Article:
You would use a solenoid or other electrically operated valve, like a torque motor operated one, only if you must use it remotely and it isn't practical to operate it mechanically.
In doing so you also have to provide redundancy in the form of a manual override (such as a cable you can operate that forces the valve open following an electrical failure in the valve or upstream of it, or a sticking solenoid), or dual valves in parallel (or whatever else you can design to eliminate safety-critical single-points-of-failure).
Solenoids like to stick and torque motors like to burn out, and even if the valve is spring loaded to be normally open so it is fail-passive in theory, I wouldn't trust my life to it without some form of backup.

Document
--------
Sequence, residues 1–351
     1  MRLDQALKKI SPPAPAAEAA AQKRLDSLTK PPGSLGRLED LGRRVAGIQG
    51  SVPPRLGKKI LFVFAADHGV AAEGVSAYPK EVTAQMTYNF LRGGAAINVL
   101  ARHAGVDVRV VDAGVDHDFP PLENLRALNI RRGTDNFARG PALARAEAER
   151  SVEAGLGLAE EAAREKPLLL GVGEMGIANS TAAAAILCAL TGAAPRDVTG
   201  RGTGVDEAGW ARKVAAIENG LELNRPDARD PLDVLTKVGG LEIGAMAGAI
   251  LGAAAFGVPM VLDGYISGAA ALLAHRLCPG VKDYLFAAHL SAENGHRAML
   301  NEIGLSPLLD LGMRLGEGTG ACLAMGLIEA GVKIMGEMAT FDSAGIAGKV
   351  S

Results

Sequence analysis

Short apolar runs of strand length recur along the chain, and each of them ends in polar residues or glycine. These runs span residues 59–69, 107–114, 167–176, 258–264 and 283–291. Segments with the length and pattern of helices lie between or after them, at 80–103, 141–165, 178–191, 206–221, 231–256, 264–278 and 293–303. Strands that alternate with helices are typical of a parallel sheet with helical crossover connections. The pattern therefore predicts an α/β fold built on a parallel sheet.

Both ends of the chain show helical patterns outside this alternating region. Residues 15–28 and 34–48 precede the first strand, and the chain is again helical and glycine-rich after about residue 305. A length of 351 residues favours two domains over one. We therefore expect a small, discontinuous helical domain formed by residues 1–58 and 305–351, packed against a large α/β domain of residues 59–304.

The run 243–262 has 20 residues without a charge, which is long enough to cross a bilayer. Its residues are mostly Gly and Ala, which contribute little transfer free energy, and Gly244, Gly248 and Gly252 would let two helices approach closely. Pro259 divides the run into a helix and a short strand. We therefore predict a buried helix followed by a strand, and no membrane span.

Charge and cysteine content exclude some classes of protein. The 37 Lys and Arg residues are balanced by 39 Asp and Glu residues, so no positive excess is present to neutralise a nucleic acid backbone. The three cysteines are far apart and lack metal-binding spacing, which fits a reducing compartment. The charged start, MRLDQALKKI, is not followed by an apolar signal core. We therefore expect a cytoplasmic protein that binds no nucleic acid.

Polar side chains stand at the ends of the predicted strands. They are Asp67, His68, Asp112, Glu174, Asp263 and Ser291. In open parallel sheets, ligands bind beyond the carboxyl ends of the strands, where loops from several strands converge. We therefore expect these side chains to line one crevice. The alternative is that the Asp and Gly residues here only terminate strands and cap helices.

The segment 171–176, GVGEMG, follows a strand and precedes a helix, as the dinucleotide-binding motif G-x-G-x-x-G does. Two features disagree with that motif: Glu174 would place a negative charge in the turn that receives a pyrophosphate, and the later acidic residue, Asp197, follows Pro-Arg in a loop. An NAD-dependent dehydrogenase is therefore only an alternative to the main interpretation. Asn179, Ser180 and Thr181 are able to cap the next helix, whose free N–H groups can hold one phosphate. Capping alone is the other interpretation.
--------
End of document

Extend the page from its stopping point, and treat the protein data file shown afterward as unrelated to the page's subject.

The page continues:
In a light aircraft design where the components can be made to be easily in reach of the pilot, a manually operated selector valve, or manually operated shutoff valves at the wing roots is the way to go. There is simply no point in designing an electrically operated system when a simple and robust manual alternative is easily done.
My preferred design would be a left-right-both selector right at the collector tank entrance, a separate emergency shutoff valve at the firewall operated by its own remote mechanical control that sticks out and gets in the way of things when at OFF, and ideally, manually operated emergency shutoff valves at the tank outlets in each wing so that fuel is contained within the wing if it gets broken off in a crash (that may be overkill - I've never seen shutoff valves right at fuel tanks in light aircraft, but I'd do it if it was my own design).